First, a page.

Accounting for the Port Authority’s Failures

The recent George Washington Bridge lane closure controversy, clouded by the presidential aspirations of New Jersey Governor Chris Christie, is only the most recent failure of management by the Port Authority of New York and New Jersey.
January 16, 2014, 7am PST | James Brasuell | @CasualBrasuell
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Stephen Smith strongly argues in favor of restructuring the Port Authority of New York and New Jersey by citing a history of failures, both large and small in scale. In fact, the George Washington Bridge lane closures scandal is one of the Port Authority’s “more benign foibles in recent years,” claims Smith.

Although Smith isn’t alone in arguing that “The Port Authority of New York and New Jersey has clearly ceased to be an effective agency, and it’s time to consider alternative arrangements,” he believes many current proposals for a reorganization neglect the fundamental deficiency of the Port Authority: “Its independent authority structure combined with a massive guaranteed funding stream.”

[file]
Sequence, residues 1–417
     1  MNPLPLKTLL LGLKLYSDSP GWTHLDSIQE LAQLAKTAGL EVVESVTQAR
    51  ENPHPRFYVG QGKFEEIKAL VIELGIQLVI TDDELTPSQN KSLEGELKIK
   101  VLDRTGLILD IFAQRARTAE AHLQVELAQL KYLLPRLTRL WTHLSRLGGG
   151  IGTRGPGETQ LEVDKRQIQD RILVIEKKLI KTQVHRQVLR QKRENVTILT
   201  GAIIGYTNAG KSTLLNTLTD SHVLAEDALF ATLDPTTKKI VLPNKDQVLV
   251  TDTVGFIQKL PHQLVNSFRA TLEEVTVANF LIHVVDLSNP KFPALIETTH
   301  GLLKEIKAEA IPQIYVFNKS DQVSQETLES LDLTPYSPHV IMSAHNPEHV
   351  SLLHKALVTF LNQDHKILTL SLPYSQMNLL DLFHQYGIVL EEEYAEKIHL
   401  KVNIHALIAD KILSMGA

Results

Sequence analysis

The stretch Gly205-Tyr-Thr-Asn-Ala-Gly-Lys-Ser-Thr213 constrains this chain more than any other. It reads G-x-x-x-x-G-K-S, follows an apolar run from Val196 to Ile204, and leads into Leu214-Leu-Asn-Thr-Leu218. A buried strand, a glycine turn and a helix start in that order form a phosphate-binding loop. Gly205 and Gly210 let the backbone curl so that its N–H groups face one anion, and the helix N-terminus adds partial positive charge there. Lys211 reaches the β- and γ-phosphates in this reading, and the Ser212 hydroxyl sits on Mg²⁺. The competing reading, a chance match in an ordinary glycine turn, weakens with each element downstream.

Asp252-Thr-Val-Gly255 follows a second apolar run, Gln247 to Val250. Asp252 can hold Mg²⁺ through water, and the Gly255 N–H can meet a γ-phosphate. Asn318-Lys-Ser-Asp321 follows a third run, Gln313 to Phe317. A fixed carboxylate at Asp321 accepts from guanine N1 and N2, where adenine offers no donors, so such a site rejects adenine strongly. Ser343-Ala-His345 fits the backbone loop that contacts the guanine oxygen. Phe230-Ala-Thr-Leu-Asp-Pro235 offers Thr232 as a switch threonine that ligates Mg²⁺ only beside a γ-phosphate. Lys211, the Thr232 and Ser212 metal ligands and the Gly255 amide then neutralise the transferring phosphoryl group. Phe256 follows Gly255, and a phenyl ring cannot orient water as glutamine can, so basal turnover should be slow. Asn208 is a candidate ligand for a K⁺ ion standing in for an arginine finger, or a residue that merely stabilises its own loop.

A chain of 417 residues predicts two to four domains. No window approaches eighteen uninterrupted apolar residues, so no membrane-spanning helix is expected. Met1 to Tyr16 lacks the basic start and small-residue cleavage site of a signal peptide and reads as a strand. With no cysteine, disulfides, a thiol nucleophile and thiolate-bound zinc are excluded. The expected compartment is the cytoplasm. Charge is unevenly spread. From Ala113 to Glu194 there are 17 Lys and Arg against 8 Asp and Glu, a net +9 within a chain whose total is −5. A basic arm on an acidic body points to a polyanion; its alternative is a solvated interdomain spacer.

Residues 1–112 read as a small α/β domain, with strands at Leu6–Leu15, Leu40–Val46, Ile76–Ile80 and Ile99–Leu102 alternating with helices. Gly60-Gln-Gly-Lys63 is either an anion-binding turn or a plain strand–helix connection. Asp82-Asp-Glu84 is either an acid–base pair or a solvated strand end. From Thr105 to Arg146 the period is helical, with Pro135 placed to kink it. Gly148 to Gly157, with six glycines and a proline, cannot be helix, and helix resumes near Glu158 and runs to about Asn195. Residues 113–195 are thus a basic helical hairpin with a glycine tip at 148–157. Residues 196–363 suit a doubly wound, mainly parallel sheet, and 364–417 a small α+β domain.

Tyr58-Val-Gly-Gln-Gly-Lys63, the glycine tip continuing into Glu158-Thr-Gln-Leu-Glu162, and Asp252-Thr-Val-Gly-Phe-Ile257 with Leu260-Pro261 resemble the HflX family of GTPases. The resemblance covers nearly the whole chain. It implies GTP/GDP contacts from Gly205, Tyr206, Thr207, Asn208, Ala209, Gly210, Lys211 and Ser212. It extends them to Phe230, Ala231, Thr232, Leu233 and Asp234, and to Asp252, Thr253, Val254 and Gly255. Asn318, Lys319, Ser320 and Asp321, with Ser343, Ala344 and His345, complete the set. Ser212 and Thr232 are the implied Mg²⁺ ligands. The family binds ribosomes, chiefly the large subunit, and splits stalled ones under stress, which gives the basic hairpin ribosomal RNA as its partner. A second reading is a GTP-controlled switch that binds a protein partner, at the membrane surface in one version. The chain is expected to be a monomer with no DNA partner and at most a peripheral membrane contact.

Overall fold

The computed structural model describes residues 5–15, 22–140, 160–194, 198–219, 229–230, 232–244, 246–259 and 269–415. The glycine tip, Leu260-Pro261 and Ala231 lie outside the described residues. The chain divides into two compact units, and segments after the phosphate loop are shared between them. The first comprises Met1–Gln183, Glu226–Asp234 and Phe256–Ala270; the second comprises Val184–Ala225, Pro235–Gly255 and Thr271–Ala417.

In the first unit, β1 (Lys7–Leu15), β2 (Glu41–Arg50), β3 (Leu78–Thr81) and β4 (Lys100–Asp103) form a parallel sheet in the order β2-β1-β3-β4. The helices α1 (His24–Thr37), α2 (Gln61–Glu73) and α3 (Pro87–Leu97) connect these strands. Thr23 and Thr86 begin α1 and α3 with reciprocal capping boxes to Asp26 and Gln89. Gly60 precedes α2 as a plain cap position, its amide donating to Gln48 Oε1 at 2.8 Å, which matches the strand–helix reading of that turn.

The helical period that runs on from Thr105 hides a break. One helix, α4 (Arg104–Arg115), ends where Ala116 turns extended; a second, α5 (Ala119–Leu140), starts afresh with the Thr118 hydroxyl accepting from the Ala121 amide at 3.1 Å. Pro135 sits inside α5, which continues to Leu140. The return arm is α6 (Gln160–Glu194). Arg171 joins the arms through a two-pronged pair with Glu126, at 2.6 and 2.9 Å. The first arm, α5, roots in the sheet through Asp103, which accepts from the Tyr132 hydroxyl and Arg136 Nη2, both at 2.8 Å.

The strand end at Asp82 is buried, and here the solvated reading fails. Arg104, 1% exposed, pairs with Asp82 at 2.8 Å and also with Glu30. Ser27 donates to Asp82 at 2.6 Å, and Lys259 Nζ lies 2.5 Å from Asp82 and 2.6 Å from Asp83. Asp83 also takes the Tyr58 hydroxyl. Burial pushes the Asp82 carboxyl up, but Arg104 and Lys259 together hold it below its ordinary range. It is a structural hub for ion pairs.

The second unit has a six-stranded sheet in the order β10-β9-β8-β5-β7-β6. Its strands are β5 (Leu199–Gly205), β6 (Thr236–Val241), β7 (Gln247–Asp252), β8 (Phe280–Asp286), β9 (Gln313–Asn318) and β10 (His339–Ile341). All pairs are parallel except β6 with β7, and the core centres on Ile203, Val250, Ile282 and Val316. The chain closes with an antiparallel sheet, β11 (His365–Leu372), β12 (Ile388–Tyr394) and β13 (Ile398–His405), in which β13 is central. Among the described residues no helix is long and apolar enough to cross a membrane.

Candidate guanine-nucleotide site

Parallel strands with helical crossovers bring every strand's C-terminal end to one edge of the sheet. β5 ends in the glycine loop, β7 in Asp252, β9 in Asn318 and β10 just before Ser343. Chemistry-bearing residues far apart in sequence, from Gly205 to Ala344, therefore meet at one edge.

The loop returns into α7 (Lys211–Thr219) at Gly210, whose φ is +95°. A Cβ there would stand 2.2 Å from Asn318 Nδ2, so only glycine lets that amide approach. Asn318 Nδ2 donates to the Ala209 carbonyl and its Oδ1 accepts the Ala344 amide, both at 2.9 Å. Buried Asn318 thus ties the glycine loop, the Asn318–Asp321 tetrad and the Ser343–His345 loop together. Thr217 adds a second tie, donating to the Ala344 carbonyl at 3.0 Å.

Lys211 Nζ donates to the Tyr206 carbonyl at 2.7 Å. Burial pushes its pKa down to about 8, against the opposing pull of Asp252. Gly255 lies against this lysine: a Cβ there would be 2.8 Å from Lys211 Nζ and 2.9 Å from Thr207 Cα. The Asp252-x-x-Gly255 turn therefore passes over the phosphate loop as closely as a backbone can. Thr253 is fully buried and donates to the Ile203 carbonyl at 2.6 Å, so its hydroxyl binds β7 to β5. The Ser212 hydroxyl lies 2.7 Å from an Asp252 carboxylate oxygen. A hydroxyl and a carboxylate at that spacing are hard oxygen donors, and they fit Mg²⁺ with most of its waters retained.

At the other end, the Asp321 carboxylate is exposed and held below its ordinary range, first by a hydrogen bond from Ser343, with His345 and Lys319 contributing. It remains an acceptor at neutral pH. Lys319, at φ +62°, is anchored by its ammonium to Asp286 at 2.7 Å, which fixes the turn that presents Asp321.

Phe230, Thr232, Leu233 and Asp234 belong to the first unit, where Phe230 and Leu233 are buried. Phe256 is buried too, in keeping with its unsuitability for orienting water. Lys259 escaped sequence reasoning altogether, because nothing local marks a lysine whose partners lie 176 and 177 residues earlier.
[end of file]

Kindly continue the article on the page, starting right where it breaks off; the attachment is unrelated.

Smith’s radical proposition for improving the Port Authority's management structure and assets won’t be popular at the C-level of the Port Authority: “To return accountability to the critical transportation assets managed by the Port Authority, it’s time to cut off the flow of money. The agency’s lifeblood, its toll revenues, should be returned to a combination of the New Jersey, New York state and New York City general treasuries, to be doled out by their respective legislatures (minus the cost of maintaining the crossings).”

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Published on Wednesday, January 15, 2014 in Next American City
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